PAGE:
Letter from Purdue University School of Veterinary Medicine
PURDUE UNIVERSITY SCHOOL OF VETERINARY MEDICINE
VSC / LYNN • 625 HARRISON STREET • WEST LAFAYETTE, IN 47907-2026
(765) 494-1107 • FAX: (765) 496-1025 • INTERNET: www.vet.purdue.edu/animalbehavior
To Whom It May Concern:
This letter’s purpose is to define Purdue University’s recommendations for Puppy Class protocols.
The main objectives of puppy classes are exposure and desensitization to potentially frightening stimuli, socialization, and the teaching of appropriate dog-owner interaction. Although simple commands are trained as well, obedience training is not a main objective of puppy classes.
Puppies go through well-defined developmental stages. Puppy classes are designed to utilize the sociability of young puppies. However, the socialization period of dogs ends at around 12-14 weeks of age. Up to that age, puppies can readily learn not to fear new things, and to develop appropriate social behavior. If this opportunity to shape puppy behavior is missed, the puppies are likely to show behavior disturbances later in life. Therefore, in order to maximize the benefits of puppy classes, puppies should be enrolled at 7-10 weeks of age if possible, the sooner the better.
The puppy classes at Purdue University’s Animal Behavior Clinic start any time between 7 and 14 weeks of age and at least 10 days after initial vaccination for the Distemper/Parvo combination and Bordatella. We encourage the use of an intranasal Bordatella/Parainfluenza (+/- Adeno) combination and the use of a high-titer, low-passage Parvo vaccination. These should be vaccinations administered after a thorough veterinary exam.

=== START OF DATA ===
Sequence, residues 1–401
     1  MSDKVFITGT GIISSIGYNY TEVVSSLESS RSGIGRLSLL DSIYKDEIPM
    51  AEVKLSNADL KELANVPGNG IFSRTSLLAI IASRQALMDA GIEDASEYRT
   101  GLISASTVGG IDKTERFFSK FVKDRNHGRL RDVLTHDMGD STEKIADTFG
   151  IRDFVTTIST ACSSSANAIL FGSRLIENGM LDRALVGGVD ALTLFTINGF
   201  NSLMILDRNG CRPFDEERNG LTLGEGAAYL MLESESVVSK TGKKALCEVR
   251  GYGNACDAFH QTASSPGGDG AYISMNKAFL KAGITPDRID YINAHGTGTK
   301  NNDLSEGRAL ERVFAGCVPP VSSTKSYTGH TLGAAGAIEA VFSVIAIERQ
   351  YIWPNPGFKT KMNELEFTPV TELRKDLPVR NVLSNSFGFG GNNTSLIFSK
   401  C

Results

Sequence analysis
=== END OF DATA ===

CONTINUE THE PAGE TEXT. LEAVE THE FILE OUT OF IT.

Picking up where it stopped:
Several vaccines are currently on the market, which meet these requirements. Trainers and veterinarians have had concerns about placing puppies at risk in an environment where they may pick up an infectious disease. As with anything, one must always weigh the risks and benefits. "Puppy cuteness" only lasts so long and many more puppies currently lose their homes due to behavior reasons than die of viral diseases.
We are aware of only one Parvo problem in a puppy preschool class in Minnesota in the early 90's and none since high titer Parvo vaccines gained mainstream use in 1995. There have been no Puppy Class participants infected with Parvo virus in any puppy classes offered at Ohio State or Purdue University. These are both facilities that treat high humane society caseloads and numerous Parvo cases annually.
Preliminary investigations underway at the University of Pennsylvania suggest that low-level exposure to pathogens, like what might occur in a clean although not completely sterile environment, may actually promote a "stronger" or more responsive immune system. (verbal communication with Dr. Karen Overall, dipl ACVB 1998) Let's welcome new puppies into our society by showing them what we expect, not dispose of them because we failed to communicate our expectations at a time when the puppies are most impressionable.
Andrew Luescher, D.V.M., PhD., Diplomate ACVB
Director, Animal Behavior Clinic, Purdue University
Steve Thompson, D.V.M, Diplomate ABVP,
Certified in Canine/Feline Practice
Director, The Pet Wellness Clinic, Purdue University